Saturday, April 6, 2019

Primo Magazine Interviews Mike DeLucia

Repost from Primo Magazine:

Mike DeLucia has written a book entitled “Madness” based on the true story of Hank Luisetti. Mike’s Italian roots extend to Naples, on his mother’s side of the family and from Benevento on his father’s side. He has several family members who reside in Milan and Varese. PRIMO interviewed him about his novel “Madness” and what made Hank Luisetti such a revolutionary basketball player.

Your novel "Madness," is based on the true story of Hank Luisetti; a college basketball player from Stanford. Tell us how Hank changed the game forever?

Before Luisetti total scores of basketball games averaged in the 30s. Basketball was a filler sport between baseball and football season. Passing and shooting with two hands was at the center of basketball’s stop-set-shoot philosophy. Then came Hank Luisetti. He defied the establishment by means of a running one-handed shot. With basketball’s integrity on the line, a promoter from New York arranged a grudge match between LIU and Stanford, in a game that would both test Luisetti’s unorthodox style and determine the unofficial national champion. At that time the east was considered the class of the nation and LIU was the class of the east. They were so good that the Olympic committee asked LIU to represent the USA in the 1936 Olympic games. LIU, a team comprised of many Jewish players, however, refused in protest due to the rumors of anti-Semitic acts in Germany. LIU was riding a 43 game winning streak before they encountered Luisetti, and they simply could not contain him. Besides popularizing the one-handed shot, Hank is credited with the behind-the-back dribble. He was doing fast breaks and his dribbling ability was spectacular. He could jump so high and stay up so long that he looked like a ballet dancer. He employed the no-look pass. He was voted the most outstanding athlete to perform at Madison Square Garden in 1936. The man was 50 years ahead of his time. The New York Media reported the news of the great Luisetti and people began to emulate his moves and style. Basketball got hot and grew a fanbase of its own. What followed was the NCAA March Madness Competition and the NBA. He changed basketball’s genetic footprint with his unorthodox playing style. James Naismith invented basketball in 1891; Hank Luisetti reinvented it in 1936. He was inducted into the Hall of Fame in 1959, its inaugural year.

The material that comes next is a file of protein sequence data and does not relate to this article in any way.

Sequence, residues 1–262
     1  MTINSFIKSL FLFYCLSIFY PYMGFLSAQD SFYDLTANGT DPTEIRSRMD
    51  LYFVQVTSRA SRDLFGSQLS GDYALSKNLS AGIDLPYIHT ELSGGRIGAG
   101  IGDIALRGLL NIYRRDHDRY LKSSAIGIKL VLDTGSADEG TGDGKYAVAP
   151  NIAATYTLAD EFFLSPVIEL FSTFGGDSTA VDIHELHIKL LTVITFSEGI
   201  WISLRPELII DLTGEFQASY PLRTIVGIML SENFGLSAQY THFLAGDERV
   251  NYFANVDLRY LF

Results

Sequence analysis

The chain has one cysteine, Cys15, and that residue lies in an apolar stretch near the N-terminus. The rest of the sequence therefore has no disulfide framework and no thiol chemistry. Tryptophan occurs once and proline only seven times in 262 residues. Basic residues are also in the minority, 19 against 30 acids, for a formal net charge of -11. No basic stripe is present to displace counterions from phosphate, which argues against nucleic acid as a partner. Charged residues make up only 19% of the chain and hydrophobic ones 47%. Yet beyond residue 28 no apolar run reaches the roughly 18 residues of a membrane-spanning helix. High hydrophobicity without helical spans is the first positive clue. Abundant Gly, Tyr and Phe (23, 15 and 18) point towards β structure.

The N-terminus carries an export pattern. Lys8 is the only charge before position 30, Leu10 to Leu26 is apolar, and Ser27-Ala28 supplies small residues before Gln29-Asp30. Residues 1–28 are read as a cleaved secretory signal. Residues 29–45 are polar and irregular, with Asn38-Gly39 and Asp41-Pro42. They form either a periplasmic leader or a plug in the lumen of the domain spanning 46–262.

Luisetti was a basketball innovator, and yet he did not go on to play professionally. What happened?